Scotland, don’t turn your back on US

Savannah Stark

Savannah Stark reflects on the “special relationship” between the U.S. and Scotland

During Freshers’ week, the University hosted a show debate on the state of relations between the United States and Scotland. The motion proposed to end the “special relationship” with the US government. Watching this debate was incredibly surreal for me as an American. I was intrigued and frustrated at the same time, and furiously wrote in my notebook what was said. The fact that this discussion is occurring is unsettling, despite the hypothetical nature. The participants mentioned that this was the first chance they have had to discuss renegotiating relations with the US.

Personally, I was struck by the calibre of the people involved and the passion in their arguments.
A member of the proposition cited America’s history of international trespasses and intervention as justification for cutting ties with the Trump administration. I certainly agree with this critique: the US has unethically entered wars overseas and has both supressed and introduced democracy according to its own interests. However, the irony of this rhetoric forgets the role British imperialism and colonisation had in invading North America, the genocide of Native Americans, and the eventual independence of the United States.

Another argument suggested Scotland should abandon the Trump administration and support its opponents instead. How does a country do that? Obviously, the Scottish parliament is not going to give American protest organisations any tax dollars to fund the resistance. The proposition did not provide an idea of what this support would look like, but it’s certainly true that protestors of Trump, like myself, are growing weary.

Hearing British politicians and activists express that they feel helpless was surprising. I came to Glasgow after working and living in Washington DC for two months over the summer, during which time I attended protests and met with my senator to defend the Affordable Care Act. I knocked on doors to organise communities to fight the budget cuts to the EPA (Environmental Protection Agency). I had polite conversations with people I strongly disagree with to initiate some form of constructive dialogue. I felt like I was doing whatever I could to stop my country from falling apart.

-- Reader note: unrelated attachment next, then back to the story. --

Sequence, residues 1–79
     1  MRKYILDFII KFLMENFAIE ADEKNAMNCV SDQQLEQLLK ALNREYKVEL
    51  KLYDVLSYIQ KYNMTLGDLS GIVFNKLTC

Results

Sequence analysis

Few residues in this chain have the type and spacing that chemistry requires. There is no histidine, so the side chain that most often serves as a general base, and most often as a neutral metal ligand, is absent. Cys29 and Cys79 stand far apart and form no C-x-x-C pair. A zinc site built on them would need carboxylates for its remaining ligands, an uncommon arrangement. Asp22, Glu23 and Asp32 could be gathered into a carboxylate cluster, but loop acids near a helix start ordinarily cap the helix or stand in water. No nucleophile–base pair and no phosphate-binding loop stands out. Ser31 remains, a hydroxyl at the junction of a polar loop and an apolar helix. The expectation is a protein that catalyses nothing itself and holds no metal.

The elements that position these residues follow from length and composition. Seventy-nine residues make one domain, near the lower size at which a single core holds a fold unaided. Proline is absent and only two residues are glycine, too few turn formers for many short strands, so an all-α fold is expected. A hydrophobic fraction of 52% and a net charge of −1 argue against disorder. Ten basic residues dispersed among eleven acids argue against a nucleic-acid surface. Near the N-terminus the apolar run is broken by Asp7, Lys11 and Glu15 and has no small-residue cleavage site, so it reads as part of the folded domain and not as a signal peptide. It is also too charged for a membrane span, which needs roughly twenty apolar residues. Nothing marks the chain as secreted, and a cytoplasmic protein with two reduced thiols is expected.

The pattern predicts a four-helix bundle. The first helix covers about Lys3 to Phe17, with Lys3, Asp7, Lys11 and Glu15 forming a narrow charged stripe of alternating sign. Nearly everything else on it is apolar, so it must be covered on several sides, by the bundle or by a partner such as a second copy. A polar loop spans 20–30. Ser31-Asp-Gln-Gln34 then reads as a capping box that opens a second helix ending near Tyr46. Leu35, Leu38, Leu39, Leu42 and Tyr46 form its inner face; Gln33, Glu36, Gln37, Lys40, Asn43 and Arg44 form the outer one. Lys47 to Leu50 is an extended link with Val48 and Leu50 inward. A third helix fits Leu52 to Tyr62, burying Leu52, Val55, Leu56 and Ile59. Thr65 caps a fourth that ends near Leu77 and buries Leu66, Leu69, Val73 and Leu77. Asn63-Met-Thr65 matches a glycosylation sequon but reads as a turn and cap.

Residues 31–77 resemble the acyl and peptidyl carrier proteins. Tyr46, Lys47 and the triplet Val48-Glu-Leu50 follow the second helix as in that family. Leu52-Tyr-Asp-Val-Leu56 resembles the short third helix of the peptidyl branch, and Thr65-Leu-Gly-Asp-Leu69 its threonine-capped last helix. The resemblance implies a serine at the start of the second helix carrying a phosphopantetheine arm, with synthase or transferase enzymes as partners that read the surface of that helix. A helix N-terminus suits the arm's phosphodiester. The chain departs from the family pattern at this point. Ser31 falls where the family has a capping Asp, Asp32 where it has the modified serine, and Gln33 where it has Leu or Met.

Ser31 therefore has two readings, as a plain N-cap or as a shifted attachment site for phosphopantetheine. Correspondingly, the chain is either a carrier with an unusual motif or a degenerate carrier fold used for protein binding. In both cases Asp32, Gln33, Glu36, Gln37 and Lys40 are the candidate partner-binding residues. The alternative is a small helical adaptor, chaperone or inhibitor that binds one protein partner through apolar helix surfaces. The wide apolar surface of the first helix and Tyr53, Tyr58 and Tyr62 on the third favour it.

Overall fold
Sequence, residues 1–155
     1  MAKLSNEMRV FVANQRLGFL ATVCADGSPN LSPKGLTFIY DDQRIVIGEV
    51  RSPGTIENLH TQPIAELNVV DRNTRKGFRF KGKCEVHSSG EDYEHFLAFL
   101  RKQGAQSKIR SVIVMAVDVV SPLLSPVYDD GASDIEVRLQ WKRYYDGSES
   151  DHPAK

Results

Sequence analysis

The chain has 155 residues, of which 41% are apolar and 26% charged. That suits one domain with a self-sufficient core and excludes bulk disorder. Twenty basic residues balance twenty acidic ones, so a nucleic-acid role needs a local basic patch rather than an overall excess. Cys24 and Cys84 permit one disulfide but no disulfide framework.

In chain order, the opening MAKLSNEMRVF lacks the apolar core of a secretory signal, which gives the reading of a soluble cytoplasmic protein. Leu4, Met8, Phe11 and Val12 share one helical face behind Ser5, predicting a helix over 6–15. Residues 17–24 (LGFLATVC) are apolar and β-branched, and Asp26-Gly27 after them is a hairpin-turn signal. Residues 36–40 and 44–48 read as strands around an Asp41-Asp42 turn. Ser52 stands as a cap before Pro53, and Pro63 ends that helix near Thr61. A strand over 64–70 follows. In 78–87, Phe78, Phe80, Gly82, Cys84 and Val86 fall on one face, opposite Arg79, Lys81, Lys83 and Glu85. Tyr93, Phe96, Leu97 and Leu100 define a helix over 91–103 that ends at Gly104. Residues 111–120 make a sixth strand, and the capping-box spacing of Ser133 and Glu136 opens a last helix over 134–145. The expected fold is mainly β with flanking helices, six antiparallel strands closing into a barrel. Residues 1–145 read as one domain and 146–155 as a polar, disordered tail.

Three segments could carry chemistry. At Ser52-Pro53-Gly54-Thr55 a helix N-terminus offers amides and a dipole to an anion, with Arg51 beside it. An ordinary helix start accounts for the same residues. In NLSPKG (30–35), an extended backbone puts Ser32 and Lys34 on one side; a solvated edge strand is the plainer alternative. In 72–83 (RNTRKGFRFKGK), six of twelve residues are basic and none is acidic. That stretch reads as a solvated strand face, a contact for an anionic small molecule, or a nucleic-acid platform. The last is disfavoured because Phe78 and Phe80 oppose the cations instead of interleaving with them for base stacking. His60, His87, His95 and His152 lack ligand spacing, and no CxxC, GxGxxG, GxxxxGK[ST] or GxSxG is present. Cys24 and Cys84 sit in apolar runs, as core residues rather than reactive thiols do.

When your country is in conflict, it affects every aspect of your life. Living in Scotland, I’m completely removed from friends and family who live with this reality, and I can’t help but feel guilty for leaving, or that I’m not doing everything in my power to “resist”. It seems there is little I can do from across the pond besides donating what little I can and writing my representatives with no guarantee they will actually listen. And people here feel helpless?

We are eight months into Trump’s presidency and I am exhausted. It’s hard to have a conversation without someone bringing up US politics, and I invariably end up losing my voice trying to explain what the hell is going on. The show debate left me shaken. No one mentioned Russia’s intervention in our election by the spread of disinformation, the hacking of the Democratic party’s headquarters and emails, and the attempted hacking of our electronic voting systems in 21 states. Our democracy was attacked, and it is the job of our allies to stand by us no matter how incompetent and dangerous Trump is. There is not much any of us can do but wait for the 2018 congressional elections and Special Counsel Mueller’s investigation. My heart sinks with the ding of every news notification on my phone, but for now we must fight issue by issue.

The American people are entering a period of awakening. When I stood up in the chamber and stated the effect that fear has had on the US, I attempted to highlight how this fear is manipulated, leading to situations like Brexit and the election of Trump. Throughout history we have seen leaders with authoritative tendencies gain power by manipulating this fear. From my perspective, Scotland ending the special relationship with the US out of fear will decrease the international pressure needed to mitigate the damage this administration does to my country, the global economy and global security. You can shut out another country, but that will not get rid of the problem or the consequences.

We cannot allow Trump’s administration to go unchallenged. Giving into helplessness and hopelessness is what permits fear to win. If I’m not giving up hope, if the Americans that actually care are not giving up hope, then Scotland shouldn’t either.


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